The wildland/urban interface is an area where residential, industrial or agricultural structures exist within proximity to combustible wildland vegetation. An interface fire has the potential to burn both structures and wildland vegetation at the same time. Interface fire fuel management has become an area of significant importance for all municipalities.
After the devastating wildfires in communities around BC in 2003, the Province of British Columbia challenged local governments in BC to address their wildland/urban interface fire hazards with a Community Wildfire Protection Plan (PDF). Prince George is among the first communities to have completed such a plan, and is in the process of implementing it.
The City of Prince George worked with consultants and the Ministry of Forests and Range, to develop a Community Wildfire Protection Plan to guide the management of wildfire risk to the City. The strategy addresses the entire area enclosed by the city limits, and examines the risk of fire up to 10km outside the City's boundary.
Fire Fuel Treatments
Starting with sites ranked Very High and High, fire fuel treatment activities are being carried out. Each site has a specific treatment prescription developed by BA Blackwell and Associates Ltd.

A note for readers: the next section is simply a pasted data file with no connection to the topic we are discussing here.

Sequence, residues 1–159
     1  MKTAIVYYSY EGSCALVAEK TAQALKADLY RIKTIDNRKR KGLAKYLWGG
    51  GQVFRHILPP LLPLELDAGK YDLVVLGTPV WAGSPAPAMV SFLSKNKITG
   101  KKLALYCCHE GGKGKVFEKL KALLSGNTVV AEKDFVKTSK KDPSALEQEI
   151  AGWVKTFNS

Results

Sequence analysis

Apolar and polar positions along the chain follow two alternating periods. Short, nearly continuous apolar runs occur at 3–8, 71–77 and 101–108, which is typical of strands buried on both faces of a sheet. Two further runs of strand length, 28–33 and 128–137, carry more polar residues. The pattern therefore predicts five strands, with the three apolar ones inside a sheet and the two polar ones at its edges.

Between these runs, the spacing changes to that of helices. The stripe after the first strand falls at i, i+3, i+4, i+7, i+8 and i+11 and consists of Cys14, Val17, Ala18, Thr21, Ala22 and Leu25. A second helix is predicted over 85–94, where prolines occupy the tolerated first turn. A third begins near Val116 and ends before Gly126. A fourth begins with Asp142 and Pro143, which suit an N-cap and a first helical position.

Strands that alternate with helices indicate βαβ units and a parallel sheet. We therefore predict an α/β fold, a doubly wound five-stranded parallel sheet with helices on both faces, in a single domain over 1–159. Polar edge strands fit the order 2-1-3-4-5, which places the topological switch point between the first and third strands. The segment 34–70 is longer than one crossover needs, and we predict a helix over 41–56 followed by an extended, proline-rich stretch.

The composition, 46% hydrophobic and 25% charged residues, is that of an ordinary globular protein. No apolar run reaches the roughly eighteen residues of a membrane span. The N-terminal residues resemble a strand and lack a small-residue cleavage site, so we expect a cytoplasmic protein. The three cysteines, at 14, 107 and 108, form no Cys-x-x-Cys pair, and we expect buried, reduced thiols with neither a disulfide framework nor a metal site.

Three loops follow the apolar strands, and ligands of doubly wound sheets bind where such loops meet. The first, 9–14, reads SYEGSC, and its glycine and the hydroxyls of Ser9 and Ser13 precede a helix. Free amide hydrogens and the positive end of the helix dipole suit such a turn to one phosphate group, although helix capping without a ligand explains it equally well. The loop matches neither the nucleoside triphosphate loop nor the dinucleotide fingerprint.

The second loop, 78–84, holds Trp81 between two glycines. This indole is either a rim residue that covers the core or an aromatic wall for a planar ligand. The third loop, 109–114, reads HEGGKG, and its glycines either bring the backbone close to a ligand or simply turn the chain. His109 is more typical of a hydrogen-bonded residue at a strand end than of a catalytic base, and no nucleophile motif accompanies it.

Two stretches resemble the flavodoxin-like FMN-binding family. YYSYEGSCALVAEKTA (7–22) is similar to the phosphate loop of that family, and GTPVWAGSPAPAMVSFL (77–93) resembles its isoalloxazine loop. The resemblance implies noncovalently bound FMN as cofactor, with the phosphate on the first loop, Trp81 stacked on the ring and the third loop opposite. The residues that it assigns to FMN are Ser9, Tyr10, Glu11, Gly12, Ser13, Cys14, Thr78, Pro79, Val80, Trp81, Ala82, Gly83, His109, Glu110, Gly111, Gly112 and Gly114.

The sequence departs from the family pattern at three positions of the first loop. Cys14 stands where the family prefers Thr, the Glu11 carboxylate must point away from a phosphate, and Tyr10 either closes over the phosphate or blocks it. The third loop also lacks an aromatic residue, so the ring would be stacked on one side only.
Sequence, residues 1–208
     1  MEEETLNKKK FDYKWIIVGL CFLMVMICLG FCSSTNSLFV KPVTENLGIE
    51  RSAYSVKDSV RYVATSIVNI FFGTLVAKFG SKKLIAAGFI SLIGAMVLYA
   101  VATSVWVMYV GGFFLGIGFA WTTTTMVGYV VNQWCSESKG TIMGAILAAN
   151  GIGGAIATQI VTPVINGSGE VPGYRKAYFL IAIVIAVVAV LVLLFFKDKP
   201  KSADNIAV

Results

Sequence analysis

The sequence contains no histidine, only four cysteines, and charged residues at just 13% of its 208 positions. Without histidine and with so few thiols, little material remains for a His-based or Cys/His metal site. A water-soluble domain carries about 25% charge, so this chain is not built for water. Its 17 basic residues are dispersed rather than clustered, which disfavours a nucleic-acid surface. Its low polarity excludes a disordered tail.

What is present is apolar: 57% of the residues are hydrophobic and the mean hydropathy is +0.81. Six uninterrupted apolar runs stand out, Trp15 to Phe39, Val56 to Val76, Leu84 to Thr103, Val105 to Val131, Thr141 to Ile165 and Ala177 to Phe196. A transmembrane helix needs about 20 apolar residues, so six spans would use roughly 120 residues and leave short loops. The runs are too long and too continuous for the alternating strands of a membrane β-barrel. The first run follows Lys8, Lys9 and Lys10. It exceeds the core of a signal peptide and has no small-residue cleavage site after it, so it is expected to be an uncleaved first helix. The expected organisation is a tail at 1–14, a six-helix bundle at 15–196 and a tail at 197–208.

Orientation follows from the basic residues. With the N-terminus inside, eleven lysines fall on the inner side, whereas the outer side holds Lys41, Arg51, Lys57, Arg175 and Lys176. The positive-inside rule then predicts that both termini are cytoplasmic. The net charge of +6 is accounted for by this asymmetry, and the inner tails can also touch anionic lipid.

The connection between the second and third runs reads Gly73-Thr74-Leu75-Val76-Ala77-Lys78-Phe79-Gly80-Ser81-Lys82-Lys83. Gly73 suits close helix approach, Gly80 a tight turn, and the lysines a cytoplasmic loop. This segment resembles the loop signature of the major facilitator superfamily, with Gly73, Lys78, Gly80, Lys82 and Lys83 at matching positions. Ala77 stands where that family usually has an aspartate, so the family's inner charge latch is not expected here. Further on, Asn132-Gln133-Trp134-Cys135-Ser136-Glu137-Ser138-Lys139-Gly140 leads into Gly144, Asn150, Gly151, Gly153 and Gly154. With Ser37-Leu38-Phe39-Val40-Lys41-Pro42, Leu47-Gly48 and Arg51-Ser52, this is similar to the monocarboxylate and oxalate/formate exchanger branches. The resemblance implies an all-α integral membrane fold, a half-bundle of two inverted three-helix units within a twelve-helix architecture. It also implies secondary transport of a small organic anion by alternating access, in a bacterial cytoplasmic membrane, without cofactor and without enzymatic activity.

They are Canadian forestry consultants with diverse experience in a range of forest management disciplines and are at the forefront of Canadian forestry and forestry practice in BC. They have worked with the environment department for several years to develop plans and prescriptions to reduce forest fuels that contribute to wildfire risk both within and outside city limits. Prescriptions consider a wide range of forest values including but not limited maintenance of forest health, protection of wildlife habitat, recreation, fisheries and water quality. Fuel management has been focused on those areas impacted by the Mountain Pine Beetle and where fuel loading is high in close proximity to homes and neighbourhoods, public facilities such as schools, and municipal infrastructure. Deciduous trees such as aspen and birch are the desired retention trees. Success in reducing the overall fire hazard rating of a particular area can be measured in the reduction of density of fire fuels, and the conversion of the stand to a mixed deciduous/conifer stand.
What can you do to protect your home?
If your home or property is adjacent to greenbelt areas, or covers a large area, then your property may be at a higher risk of interface fire. Download a copy of the Home Owner’s Fire Smart Manual to learn about ways to reduce the risk to your property. For an informal self-assessment, visit FireSmart.
Updated Wildfire Hazard Assessment and Current Status of Fuel Treatments
On June 15, 2009 Council received a presentation and update on B.A. Blackwell and Associates’ report on “City of Prince George Landscape Scale Fire Behaviour Modelling” as well as an update on the current status of fire fuel treatments and Mountain Pine Beetle tree removal program. The full Report, presentation and update Map is provided below.